julien's auction

A typed file copy letter dated June 1, 1962, beneath “5th Helena” addressed “Dear Lee and Paula:” and reading in part, “The most important thing in my life is my work, my work with you. The Actors Studio is my home. … I wonder if you realize what the work has meant to me. … The studio is for the theatre and for life. Marlon and I are having talks and we hope to persuade you to come to California for awhile to do work with us. Thank you Lee for being my friend and my teacher. Thank you Paula, for being with me and really truly directing the good and right moments on film. … When I think of home it is New York and the Actors Studio. That is where I can exist in the human race. Love, Marilyn.”

A postcard written by George Harrison, and addressed to Mr. “Smith,” c/o Friar Park. It was auctioned by Julien’s Auctions, with a winning bid of $1,024.

Didn’t we meet on a summer cruise???……… Quelle domáge!!
Love from G. O. D.

Those who own the Living in the Material World book and have perused the credits and acknowledgements section may spot something familiar in the “G. O. D.”:

“Very special thanks to G. from O. and D. Harrison

A figure-hugging sheer black and nude embellished cocktail dress worn by Marilyn Monroe while singing “I’m through with Love” atop a grand piano in Billy Wilder’s Some Like It Hot (United Artists, 1959). The dress is composed of black souffle and nude silk jersey embellished with columns of jet-like beads and sequins, scattered beaded butterfly appliques, and beaded fringes. The dress has a built-in bra and an illusion of a deep plunging back that was considered extremely daring for its’day. Hand finishing work is present to the interior. A Western Costume label inscribed “Marilyn Monroe 1575-1” is attached to the interior of the bra. Legend tells that Monroe had to be lifted to the piano for this scene as the dress was very form fitting. Some Like It Hot is considered to be one of the greatest film comedies of all time. It was voted as the top comedy film by the American Film Institute on their list on AFI’s 100 Years…100 Laughs poll in 2000. The film won the 1960 Golden Globe awards for Best Motion Picture-Comedy or Musical, Best Actress in Motion Picture-Comedy or Musical for Monroe, and Best Actor in Motion Picture-Comedy or Musical for Jack Lemmon. Orry-Kelly won the 1959 Academy Award for costume design for his work on this film. Some restoration work is present.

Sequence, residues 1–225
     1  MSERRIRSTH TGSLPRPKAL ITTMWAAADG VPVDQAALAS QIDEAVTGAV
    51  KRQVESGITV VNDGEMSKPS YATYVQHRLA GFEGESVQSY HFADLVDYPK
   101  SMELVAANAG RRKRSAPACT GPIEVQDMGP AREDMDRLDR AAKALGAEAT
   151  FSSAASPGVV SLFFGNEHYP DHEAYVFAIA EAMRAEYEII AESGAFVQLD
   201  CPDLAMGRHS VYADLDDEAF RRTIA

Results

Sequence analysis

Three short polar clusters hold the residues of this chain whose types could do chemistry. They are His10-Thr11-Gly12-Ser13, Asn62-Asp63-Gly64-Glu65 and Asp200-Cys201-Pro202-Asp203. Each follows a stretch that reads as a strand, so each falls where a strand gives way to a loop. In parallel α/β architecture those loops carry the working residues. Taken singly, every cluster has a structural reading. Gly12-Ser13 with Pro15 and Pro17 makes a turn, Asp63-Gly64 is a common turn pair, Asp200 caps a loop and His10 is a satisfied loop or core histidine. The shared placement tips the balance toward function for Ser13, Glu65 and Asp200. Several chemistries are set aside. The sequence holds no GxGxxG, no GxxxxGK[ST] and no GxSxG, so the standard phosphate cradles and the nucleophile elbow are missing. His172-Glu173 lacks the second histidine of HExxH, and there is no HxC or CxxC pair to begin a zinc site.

The Beatles Story and Julien’s Auctions held a memorabilia free valuation day at the Beatles Story museum, Albert Dock, Liverpool, last Thursday which turned up this interesting letter from John.

The letter is John’s famous note to Her Majesty the Queen, from when he decided to return his MBE to the palace. The letter reads: 

Your Majesty, 

I am returning this MBE in protest against Britain’s involvement in the Nigeria-Biafra thing, against our support of America in Vietnam and against Cold Turkey slipping down the chart.

With love John Lennon

John Lennon of Bag.

The owner of the piece, who has chosen to remain anonymous, said the letter was discovered tucked away inside the sleeve of a record that was part of a collection of 45s, which was picked up for £10 at a car boot sale 20 years ago.